Russian immigrants before World War I brought Borscht recipes to France.

2 pounds raw beets (about 4)
1 pound onions (2 medium sized)
2 cloves garlic, peeled and left whole
1 tablespoon sugar
Salt and freshly ground pepper to taste
3 tablespoons balsamic vinegar
1/2 cup sour cream
4 tablespoons fresh dill, chervil, or mint cut into chiffonade

Peel the beets and onions. Cut them into chunks and toss them together in a large soup pot. Pour in about 2 quarts of water, or enough to cover the vegetables by an inch or so. Add the garlic, sugar, salt, and pepper to taste.

Bring to a boil, skimming the surface of any impurities that rise. Lower the heat, cover, and simmer for about an hour, or until the beets are cooked. Stir in the vinegar and let cool.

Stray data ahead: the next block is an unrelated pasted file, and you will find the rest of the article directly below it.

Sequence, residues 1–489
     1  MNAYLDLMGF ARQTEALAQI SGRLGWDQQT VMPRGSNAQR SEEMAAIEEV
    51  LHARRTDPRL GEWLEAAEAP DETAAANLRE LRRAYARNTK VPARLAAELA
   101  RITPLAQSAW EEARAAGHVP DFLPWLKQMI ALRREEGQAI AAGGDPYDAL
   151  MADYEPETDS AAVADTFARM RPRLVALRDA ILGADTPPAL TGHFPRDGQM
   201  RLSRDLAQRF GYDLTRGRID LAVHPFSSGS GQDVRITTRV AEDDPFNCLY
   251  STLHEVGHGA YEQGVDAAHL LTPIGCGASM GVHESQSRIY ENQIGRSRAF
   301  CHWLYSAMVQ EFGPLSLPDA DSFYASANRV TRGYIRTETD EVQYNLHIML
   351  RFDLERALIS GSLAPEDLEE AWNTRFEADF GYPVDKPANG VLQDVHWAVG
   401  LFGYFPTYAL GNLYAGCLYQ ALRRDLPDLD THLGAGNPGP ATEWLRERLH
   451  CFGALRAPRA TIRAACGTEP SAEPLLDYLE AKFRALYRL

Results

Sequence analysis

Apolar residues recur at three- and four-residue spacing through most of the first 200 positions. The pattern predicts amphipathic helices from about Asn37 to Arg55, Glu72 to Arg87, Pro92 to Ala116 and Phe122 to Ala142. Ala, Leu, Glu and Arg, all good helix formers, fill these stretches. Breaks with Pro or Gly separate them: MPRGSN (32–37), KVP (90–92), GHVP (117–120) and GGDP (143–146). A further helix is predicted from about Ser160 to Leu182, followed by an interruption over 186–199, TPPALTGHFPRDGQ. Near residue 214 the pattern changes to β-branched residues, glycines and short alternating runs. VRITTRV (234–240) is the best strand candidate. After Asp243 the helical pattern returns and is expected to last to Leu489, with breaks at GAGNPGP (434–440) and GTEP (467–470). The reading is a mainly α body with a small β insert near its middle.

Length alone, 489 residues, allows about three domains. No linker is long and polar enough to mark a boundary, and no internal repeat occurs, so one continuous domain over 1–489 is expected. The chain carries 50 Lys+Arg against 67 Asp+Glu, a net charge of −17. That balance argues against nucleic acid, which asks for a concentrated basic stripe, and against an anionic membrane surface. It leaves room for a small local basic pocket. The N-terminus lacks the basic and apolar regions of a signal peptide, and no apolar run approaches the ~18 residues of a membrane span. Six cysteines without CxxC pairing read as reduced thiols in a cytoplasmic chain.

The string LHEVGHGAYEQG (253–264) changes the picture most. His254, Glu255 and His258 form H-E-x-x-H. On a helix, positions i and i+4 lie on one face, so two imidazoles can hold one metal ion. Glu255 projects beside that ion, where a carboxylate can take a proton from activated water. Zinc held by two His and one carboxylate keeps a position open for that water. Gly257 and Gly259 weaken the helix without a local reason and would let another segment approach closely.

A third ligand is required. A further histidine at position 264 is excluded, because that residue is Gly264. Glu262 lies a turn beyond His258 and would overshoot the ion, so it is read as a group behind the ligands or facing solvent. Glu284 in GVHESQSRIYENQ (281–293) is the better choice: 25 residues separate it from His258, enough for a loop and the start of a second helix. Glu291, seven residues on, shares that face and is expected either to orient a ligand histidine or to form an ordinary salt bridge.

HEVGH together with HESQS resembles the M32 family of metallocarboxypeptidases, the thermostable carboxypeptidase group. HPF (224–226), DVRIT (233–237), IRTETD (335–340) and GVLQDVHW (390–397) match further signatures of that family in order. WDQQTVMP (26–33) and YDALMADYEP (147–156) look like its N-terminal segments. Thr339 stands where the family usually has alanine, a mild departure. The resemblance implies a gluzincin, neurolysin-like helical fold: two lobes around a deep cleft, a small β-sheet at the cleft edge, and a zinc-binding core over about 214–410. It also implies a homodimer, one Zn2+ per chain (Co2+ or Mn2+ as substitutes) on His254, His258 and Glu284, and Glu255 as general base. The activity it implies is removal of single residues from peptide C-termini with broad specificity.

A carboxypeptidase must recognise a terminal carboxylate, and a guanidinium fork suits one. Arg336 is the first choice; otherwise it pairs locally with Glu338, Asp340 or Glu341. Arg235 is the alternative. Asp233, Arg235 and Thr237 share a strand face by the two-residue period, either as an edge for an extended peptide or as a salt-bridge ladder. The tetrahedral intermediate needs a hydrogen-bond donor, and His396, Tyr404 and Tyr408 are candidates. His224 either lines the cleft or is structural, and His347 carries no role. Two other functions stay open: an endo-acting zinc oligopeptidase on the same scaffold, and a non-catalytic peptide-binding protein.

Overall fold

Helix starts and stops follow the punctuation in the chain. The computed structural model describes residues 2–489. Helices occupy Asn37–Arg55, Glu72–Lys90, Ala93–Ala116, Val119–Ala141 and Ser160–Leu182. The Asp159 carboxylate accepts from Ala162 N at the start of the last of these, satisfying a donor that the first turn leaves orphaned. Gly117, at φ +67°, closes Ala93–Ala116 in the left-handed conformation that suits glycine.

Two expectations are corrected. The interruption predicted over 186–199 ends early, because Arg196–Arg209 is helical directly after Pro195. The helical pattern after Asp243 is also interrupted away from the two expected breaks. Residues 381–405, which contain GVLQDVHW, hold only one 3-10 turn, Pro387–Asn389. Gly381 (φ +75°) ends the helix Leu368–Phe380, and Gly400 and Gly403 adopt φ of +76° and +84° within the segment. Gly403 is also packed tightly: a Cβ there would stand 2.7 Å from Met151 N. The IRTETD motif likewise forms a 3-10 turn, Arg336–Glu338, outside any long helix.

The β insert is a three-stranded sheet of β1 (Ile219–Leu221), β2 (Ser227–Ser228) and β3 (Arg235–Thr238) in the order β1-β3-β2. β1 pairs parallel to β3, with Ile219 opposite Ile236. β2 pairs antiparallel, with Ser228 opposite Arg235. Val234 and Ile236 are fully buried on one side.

When the soup has cooled off, ladle the vegetables and some of their broth into a blender and puree to the consistency of a thick soup. Adjust the thickness and seasoning of the soup to your taste, adding more beet broth for a thinner soup.

Serve cold in soup bowls with a dollop of the sour cream and a sprinkle of one of the herbs.

Yield: 6 to 8 servings



This recipe has been handed down through the generations since the first Jews left Spain during the Inquisition.

10 ounces pearl onions
1 tablespoon butter
5 large lettuce leaves (preferably Romaine or Bibb), washed and halved
2 cups shelled peas, fresh or frozen and defrosted
2 teaspoons sugar
3 sprigs fresh thyme
3 sprigs fresh summer savory